this guy comes on the radio in houston each weekend and makes a next week prediction. he is pretty much spot on. I reccommend following his weekly report.

http://www.texasenergyanalyst.com/

But then, i read this:

Energy Industry Icon Re Affirms Oil and Natural Gas Prices will Correct to Downside; Recommends Investors Go to the Sidelines Quickly

MIAMI, Sept. 13 /PRNewswire-USNewswire/ -- Karl W. Miller, a senior energy executive and institutional investor, today issued the following statement through his advisor VBCC, regarding the state of the U.S. Equity Markets and the Energy Industry.


Mr. Miller recently issued a sell recommendation on the US Natural Gas producers, and called for Natural gas to trade below $3 mmbtu in the U.S. last week.


Mr. Miller re affirms expectations for natural gas to correct to the $2.50 to $2.75 mmbtu price range and will continue getting cheaper, as there are no sustainable demand drivers.


Thus, the natural gas pipeline, master limited partnerships (MLP's) and natural gas producers will suffer substantially reduced earnings during the next 6-8 quarters and are substantially overvalued at the current time.
The Coming Gas Deliverability Crisis

Mr. Miller recommends that the sidelines are the best placement of capital at the current time. The real buying opportunity will come, but now is not the time.

But then i listened to financialsense.com: http://www.financialsense.com/fsn/main.html
and Bill Powers commenting on newshour, exclaims that nat gas prices are very soon to easily jump to $6 and even double digit prices next year. Then Bill Powers releases an editorial titled :http://www.financialsense.com/editorials/powers/2009/0909.html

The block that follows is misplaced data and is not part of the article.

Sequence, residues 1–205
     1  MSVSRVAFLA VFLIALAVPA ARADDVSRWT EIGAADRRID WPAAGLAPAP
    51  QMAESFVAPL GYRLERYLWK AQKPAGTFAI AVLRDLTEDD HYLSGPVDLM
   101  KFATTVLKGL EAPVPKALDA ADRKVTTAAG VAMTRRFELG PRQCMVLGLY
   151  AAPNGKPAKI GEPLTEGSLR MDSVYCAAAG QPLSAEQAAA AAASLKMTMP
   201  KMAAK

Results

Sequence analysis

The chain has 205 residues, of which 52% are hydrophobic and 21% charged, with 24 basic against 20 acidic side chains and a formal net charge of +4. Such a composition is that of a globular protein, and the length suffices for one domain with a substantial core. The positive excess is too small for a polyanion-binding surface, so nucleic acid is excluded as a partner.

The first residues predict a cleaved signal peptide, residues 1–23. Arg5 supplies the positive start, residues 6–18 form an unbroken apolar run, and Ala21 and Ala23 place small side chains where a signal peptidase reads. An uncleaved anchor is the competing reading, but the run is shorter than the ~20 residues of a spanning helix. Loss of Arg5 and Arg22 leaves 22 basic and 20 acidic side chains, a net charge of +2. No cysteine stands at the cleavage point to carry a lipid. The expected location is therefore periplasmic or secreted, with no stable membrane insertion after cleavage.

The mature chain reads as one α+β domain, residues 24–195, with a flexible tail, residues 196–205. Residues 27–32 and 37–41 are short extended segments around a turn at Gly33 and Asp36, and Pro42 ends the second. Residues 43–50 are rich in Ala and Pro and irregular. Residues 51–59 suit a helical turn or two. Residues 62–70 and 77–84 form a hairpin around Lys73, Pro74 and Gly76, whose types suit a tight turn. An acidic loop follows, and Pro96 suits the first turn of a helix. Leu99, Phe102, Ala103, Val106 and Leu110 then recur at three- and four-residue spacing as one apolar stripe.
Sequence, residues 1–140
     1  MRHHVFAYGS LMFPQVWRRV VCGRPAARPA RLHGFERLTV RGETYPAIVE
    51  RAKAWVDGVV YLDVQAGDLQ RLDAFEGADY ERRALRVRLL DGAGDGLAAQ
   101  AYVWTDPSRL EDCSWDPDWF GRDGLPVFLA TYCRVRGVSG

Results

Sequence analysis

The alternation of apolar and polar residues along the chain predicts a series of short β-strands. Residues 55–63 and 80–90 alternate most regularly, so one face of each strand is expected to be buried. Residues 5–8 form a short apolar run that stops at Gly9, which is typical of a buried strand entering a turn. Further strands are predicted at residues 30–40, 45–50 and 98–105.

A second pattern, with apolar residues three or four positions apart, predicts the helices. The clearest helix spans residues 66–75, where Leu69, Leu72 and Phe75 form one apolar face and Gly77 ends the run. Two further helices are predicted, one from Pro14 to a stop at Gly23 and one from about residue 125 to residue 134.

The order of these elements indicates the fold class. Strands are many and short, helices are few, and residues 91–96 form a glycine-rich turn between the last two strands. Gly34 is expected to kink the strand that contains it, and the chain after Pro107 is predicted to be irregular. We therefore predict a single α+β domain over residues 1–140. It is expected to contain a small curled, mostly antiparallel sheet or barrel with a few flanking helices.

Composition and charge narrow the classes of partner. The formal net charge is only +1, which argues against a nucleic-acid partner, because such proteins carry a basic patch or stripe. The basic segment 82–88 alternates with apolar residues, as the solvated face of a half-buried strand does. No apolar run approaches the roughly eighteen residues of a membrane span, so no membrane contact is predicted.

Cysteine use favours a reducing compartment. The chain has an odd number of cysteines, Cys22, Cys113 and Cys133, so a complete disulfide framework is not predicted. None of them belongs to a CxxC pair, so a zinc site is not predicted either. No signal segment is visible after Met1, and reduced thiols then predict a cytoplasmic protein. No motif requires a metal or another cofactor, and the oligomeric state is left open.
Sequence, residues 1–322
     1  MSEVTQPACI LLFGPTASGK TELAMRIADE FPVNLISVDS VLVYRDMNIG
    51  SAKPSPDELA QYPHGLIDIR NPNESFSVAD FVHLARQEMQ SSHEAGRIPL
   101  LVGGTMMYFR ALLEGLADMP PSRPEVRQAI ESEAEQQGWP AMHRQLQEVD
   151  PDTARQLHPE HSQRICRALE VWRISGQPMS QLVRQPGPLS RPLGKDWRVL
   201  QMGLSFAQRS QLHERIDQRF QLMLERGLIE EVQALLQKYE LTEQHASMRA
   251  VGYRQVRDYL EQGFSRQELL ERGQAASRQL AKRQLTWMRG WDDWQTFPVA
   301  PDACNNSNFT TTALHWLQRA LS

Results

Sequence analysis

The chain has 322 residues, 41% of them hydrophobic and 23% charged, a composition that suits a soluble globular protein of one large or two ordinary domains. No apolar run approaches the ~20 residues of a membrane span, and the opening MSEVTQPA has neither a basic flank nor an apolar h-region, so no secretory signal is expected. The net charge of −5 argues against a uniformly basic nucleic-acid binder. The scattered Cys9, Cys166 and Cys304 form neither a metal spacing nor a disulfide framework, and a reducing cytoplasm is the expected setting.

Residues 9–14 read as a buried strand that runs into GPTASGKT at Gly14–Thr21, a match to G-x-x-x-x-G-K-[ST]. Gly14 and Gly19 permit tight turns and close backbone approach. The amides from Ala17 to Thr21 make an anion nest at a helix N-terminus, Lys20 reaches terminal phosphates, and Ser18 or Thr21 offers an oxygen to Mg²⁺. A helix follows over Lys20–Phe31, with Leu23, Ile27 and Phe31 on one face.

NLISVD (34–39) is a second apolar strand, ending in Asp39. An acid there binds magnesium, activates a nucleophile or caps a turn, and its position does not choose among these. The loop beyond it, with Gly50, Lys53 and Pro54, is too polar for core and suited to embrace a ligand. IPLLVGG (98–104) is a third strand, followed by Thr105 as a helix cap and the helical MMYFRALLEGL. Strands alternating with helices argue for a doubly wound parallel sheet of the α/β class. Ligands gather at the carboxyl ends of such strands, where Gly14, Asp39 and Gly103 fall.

:
of course Mr. Miller could be looking at short term, while Mr. Powers is looking at long term. But i am curious about these predictions. will nat gas fall and then rebound? or has it bottomed and is about to rebound?

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Hate to see the Northeast have a Hard Winter but it sure would help nat gas prices. The heaters should already be on up north. It was 42 degrees this morning in central Arkansas.
What the general public does not understand is that even with all the surplus, prices are very sensitive to demand. Especially if this demand looks as if it may continue for a number of years if the cooling causation is accurate.

And thinking of how rapid the decline is in shales like the HS, it could prove to be very, very interesting over the next 5-10 years. Your thoughts on this?
Numerous articles from leading industry tracking publications have postulated that the ability to adjust supply to demand will be greatly enhanced once national nat gas production from shale gas nears 50%. The high decline rate of shale gas wells will allow for quicker reductions in supply by curtailing drilling. That makes sense with the exception of the requirement to HBP leasehold that must be drilled to maintain leases nearing expiration. Many shale plays are in their infancy and involve significant acreages with no previous exploration and production and therefore a small percentage of acres HBP'ed. Much of the highly prospective shale gas acreage lies outside of existing field designations. Each shale play will have to go through a period of required development until the majority of prospective acreage is HBP'ed. Once that point is reached, the theory of shale gas decline curves controlling supply and thus price will be put to the test. It would be a benefit to producers and users to have a reasonably stable price structure. If shale gas can accomplish that, nat gas may finally receive the prominence it deserves in national energy policy.